“The Thrive program provides value to participants by working one-on-one with a case manager to understand their individual needs and goals. The participants start to build trust and hope with their case manager to help give them support and guidance needed for getting out of poverty. Without having a coach by their side, sometimes they lose sight of their potential. The case manager is there to help them navigate and remove roadblocks that get in the way so they can reach their full potential.” – Kristi Williams, Program Supervisor at WorkSource Cowlitz/Wahkiakum
Participants can continue to take part in the Thrive program and take advantage of support services after placement in a job. Williams’ goal is that all participants have plans to advance and achieve long-term self-sufficiency and has seen this in the Thrive program results.
Since the program’s inception, Thrive has served 200 residents across Cowlitz County. Most participants so far are women from the 98626 (South Kelso neighborhood) and 98632 (Highlands neighborhood) zip codes. The average education level of a participant is a high school diploma or GED/equivalency. The Thrive program serves participants across cultures and provides language services according to participants’ needs. If participants need translation services, Thrive has access to a language line via telephone and access to scheduled, in-person interpreters.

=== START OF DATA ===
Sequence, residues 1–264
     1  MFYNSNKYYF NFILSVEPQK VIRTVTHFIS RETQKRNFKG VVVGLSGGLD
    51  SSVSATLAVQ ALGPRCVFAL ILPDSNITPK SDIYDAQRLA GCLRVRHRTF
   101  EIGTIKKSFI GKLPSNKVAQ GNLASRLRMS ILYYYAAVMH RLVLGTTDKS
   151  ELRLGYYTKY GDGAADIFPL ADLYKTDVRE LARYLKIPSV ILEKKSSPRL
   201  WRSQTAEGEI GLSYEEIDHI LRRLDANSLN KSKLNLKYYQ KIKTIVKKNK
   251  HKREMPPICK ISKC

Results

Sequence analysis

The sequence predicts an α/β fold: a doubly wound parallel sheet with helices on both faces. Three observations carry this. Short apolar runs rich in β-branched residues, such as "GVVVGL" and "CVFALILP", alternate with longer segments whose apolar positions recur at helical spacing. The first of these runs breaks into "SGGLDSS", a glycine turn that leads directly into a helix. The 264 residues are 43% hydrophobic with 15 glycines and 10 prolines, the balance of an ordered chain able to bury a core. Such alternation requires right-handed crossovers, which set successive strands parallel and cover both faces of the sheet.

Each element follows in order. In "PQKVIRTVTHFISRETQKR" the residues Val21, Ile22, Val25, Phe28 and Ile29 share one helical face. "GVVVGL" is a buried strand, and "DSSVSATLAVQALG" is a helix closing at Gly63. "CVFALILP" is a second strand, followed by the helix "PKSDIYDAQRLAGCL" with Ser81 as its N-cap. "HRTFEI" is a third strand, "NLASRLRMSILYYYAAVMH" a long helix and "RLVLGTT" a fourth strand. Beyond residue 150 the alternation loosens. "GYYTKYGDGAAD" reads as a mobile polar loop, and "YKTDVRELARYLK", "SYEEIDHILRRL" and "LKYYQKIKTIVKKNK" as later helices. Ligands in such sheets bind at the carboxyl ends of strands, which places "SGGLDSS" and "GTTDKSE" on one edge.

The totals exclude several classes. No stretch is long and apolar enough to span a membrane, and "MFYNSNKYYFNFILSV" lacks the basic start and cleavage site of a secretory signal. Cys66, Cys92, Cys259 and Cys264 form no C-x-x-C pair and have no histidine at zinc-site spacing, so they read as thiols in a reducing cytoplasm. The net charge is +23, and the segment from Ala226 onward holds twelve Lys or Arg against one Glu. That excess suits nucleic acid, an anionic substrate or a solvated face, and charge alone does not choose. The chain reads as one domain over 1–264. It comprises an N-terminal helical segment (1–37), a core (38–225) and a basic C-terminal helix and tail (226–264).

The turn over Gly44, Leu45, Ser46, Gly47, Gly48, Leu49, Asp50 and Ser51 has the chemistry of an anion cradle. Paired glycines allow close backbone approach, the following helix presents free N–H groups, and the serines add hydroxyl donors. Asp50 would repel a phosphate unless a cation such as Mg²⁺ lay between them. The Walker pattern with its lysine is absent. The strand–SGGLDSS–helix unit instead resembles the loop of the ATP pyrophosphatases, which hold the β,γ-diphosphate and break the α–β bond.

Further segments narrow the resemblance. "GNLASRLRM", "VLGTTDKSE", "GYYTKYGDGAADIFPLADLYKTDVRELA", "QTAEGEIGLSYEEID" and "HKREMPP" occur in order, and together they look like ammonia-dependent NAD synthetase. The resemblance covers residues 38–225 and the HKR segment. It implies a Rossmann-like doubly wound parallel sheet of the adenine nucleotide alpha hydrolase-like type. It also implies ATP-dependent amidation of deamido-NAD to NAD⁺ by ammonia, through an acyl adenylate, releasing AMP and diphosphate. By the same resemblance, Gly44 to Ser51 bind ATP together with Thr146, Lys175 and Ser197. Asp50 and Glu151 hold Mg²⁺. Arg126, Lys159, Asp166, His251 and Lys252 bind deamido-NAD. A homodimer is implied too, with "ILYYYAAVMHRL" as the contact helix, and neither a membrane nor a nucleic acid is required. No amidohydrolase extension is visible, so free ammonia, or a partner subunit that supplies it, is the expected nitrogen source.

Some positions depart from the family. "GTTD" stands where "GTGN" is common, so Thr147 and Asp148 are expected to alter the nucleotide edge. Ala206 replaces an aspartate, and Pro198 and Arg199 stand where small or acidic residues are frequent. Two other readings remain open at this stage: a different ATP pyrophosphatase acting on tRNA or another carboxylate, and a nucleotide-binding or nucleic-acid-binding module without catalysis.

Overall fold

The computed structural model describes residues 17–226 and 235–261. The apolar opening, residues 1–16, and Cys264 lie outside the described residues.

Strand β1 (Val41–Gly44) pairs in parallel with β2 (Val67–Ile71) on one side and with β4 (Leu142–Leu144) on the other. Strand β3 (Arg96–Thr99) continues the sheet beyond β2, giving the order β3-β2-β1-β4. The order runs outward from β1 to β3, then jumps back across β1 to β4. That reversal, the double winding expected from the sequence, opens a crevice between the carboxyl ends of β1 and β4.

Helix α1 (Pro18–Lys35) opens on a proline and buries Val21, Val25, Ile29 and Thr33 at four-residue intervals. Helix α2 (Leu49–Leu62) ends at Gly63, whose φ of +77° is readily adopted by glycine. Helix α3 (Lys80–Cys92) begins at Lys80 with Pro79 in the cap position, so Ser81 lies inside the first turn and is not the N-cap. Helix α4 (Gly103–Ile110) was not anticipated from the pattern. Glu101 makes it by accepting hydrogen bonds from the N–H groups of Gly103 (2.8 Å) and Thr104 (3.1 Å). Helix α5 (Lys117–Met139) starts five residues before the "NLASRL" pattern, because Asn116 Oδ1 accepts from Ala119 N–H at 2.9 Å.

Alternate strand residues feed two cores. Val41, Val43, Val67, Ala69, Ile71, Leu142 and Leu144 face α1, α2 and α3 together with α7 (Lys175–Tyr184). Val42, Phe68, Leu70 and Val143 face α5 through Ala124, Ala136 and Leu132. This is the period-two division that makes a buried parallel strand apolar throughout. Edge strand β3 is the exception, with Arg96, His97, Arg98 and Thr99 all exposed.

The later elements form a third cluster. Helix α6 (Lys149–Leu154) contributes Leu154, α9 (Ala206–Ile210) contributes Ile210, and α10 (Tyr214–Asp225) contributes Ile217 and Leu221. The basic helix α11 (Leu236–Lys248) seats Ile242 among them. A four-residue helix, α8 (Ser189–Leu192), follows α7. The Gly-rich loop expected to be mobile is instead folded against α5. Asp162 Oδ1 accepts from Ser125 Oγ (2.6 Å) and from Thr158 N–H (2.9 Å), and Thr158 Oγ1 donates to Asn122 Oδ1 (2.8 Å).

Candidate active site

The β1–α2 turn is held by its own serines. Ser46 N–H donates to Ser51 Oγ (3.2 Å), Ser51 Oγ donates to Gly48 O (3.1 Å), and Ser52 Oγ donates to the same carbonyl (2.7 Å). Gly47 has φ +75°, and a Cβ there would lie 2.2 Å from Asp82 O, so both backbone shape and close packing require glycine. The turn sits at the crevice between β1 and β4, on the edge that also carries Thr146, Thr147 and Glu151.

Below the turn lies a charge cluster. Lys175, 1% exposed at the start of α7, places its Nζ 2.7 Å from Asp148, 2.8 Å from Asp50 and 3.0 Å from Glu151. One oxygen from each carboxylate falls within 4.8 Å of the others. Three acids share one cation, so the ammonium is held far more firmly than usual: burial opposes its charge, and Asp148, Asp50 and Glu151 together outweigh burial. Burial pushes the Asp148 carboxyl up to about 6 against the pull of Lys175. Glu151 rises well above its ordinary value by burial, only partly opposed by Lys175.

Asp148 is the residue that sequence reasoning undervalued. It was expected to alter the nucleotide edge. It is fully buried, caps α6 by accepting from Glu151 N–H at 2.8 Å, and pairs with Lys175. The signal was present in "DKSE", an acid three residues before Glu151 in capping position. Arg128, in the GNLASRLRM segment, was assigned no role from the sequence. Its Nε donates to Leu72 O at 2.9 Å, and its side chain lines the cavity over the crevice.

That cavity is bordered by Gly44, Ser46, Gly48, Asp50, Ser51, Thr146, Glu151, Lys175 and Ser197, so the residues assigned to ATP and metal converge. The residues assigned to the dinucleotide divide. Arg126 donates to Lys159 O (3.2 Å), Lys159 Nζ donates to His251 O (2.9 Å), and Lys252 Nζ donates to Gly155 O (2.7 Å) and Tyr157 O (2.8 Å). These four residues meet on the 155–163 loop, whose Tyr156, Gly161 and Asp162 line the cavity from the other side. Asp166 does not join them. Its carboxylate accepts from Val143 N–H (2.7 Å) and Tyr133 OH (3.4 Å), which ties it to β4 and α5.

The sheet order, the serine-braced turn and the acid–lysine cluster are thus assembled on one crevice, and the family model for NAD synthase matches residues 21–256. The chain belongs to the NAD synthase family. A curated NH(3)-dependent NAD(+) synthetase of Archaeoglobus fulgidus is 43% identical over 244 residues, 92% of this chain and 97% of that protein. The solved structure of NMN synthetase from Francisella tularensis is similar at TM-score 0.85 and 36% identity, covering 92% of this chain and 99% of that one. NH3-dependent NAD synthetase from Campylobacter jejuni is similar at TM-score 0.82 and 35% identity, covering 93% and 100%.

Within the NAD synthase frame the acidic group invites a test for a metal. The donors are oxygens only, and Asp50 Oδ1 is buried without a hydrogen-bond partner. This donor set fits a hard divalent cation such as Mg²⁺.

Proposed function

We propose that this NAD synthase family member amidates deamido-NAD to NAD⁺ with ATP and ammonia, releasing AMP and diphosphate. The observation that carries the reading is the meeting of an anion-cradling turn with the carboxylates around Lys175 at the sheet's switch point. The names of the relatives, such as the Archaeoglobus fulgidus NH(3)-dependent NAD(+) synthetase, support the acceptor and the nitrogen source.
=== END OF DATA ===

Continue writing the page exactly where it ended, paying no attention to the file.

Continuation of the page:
Compared to Cowlitz, Wahkiakum County’s population live in more rural areas and the working population is smaller. As of April 2022, Wahkiakum County has a worker base of 1,348, compared to 49,497 in Cowlitz County. With the expansion into Wahkiakum County, the Thrive program will serve more individuals across Workforce Southwest Washington’s rural service regions. Expanding services allows for more individuals to get the support services necessary to finding a quality job to support themselves and their families. Residents of Wahkiakum County are encouraged to get in touch with case managers to talk about their eligibility and how Thrive can serve their needs and career goals.
Interested in participating in the Thrive Program? Get in touch with any of the contacts below to get information about Thrive.
– Erica Zink at Employ Wahkiakum at firstname.lastname@example.org